Culture

Vietnam is home to many ethnic groups though it doesn't consist of real separate ethnics. Over time the intercultural connections of the different ethnic groups built up a wide and diversified culture without one main goal - the Vietnamese.

Most importantly is that there is no state religion but religious freedom. Religion and politics are completely separated here. For our understanding, most Vietnamese people are polytheistic. They follow Buddhist and Confucian ways, while they have a shrine for their ancestors and for example celebrate Christmas.

This manifold culture developed over thousands of years and got shaped by lots of influences. Vietnam’s key position between Indonesia and the Asian main land and in between different cultures made it a merchant place with lots of traffic. Mixture of cultures was inevitable.

Oldest sources say that first the Lac, Muong and Hung of the Red river delta mixed with Chinese invaders. Later Khmer and Cham roots were added through there conquest. All those ancestors are to be found in Vietnamese myths and legends.

So over time more and more religious treats were adopted by Vietnamese culture and that's why there is room for Buddha, Confucius, Animistic traditions, Hindu gods and far more.

Even the western occupations left its reminders within Vietnamese culture: There is French white bread, liver pâté, cake and so on. Even Christian and Muslim ideas have been taken in and also classical Vietnamese music sounds have changed into modern western ones.

So what remains today is the Vietnamese potential to adopt most practical and useful inputs, where most of it is possible thanks to the Vietnamese openness.

Through its cultural diversity the culinary experiences to be enjoyed are an endless number. For Vietnamese there is certainly very few that you really cannot eat. So regarding to regional shape you can get various dishes. On the other hand you also get many offers that you might prefer to refuse.

Vietnam has its own language - it connects and divides them. Of course it gives Vietnamese a national heritage, while they even know from which village the other speaker is - only through the dialect.

But still: Even if the mixture is quite advanced - it remains a multiethnic state. There are still various ethnic groups - for several reasons some are still integrating and some are trying not to. But be careful for those minorities are political, not social. There are still Khmer and Cham in Vietnam - making up most Muslims here. Dao and several mountain people have kept their culture till today.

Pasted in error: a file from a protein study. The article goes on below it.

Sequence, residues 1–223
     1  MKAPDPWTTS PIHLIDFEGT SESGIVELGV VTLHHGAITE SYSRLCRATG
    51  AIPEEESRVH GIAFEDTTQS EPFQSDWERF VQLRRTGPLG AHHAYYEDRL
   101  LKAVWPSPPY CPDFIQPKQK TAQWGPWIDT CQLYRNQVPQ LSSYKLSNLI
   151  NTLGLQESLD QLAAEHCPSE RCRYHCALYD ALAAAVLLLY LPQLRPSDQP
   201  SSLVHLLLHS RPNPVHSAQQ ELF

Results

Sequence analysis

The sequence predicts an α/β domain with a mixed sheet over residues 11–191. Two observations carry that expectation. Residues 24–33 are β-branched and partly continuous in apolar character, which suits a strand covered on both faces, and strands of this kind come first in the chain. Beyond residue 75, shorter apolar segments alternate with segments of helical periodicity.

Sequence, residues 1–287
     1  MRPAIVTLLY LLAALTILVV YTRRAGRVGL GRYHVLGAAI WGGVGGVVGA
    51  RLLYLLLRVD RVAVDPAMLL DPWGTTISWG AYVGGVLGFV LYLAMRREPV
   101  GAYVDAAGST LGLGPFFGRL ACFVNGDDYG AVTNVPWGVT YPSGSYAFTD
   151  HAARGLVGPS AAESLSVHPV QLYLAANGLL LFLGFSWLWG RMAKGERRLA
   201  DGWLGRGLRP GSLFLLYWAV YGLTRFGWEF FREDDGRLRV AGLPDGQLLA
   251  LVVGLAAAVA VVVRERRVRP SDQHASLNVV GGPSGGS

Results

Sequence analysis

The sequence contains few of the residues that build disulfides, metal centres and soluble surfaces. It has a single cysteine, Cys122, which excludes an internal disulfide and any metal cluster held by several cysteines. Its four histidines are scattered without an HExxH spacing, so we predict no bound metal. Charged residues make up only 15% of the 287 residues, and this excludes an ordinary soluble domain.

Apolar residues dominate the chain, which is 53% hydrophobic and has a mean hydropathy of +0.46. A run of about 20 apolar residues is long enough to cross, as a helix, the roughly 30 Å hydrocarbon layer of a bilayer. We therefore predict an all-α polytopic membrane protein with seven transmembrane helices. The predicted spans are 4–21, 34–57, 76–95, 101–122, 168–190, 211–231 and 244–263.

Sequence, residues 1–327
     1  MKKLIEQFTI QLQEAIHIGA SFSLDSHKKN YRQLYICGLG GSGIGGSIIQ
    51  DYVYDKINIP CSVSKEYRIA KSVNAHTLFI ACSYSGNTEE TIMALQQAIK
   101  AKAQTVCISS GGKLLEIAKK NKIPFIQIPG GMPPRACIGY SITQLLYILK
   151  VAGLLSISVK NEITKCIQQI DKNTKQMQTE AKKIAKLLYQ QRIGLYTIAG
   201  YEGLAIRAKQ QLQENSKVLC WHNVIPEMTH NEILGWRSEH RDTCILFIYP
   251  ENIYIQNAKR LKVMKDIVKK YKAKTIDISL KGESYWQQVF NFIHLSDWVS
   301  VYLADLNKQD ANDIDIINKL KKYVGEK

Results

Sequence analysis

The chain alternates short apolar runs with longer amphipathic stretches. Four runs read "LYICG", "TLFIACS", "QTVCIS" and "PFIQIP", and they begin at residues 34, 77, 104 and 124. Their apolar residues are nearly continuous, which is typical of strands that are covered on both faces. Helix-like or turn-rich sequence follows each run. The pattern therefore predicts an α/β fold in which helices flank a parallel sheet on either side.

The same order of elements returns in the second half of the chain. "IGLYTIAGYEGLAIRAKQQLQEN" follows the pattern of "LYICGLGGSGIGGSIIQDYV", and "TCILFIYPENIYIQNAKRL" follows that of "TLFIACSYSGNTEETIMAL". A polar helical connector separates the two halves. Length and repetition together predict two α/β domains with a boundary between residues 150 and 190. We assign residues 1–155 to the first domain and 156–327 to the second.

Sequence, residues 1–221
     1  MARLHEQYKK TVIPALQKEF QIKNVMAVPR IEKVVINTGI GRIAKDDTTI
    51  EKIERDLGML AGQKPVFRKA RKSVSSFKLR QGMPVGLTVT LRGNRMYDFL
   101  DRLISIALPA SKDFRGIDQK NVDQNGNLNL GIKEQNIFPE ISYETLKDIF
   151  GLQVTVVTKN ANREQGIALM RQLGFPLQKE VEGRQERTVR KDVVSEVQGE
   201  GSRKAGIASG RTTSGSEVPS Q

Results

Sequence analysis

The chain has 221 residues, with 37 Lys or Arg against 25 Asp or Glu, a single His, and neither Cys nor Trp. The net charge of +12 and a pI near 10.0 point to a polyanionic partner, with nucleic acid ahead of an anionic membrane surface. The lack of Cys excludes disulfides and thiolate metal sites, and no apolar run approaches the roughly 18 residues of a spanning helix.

Contemporary Vietnamese Traditional Weddings

vietnam.com 2013-06-25

The pace of change Compared to how weddings in Vietnam are carried out in the past, there are notably significant differences to the modern traditional weddings in the country today. Cost is among the most obvious differences. Because of the growing sociable nature of people, pressures arising...

Naming Vietnamese Lunar Years (Âm Lịch Việt Nam)

vietnam.com 2014-07-24

The year of the Dragon lasted from January 23, 2012 until February 10, 2013, when it was replaced by the year of the snake. The past year that was dynamic and powerful as the Dragon itself was Nhâm Thìn, the new one is Quý Tỵ, as provided by the Vietnamese Lunar Calendar.

Religion

vietnam.com 2013-06-25

There is no one and only religion in Vietnam. The type of religion is more polytheism but the vietnamese people often mix up thinkings like the doctrine Buddha with the one of Confucius. We will show you some of the famous pagodas - you should not miss to visit when going to Vietnam.

Jackfruit (Quả Mít)

vietnam.com 2013-06-25

Considered a delicacy by many, the Jackfruit (Quả Mít) is a native to Asia though known to originally come from India. It could have many shapes and sizes, but generally, they are oblong or pear shaped. A single jackfruit can grow up to 90 cm long and can weigh up to 44 kg.

Homemade Wines

vietnam.com 2014-07-24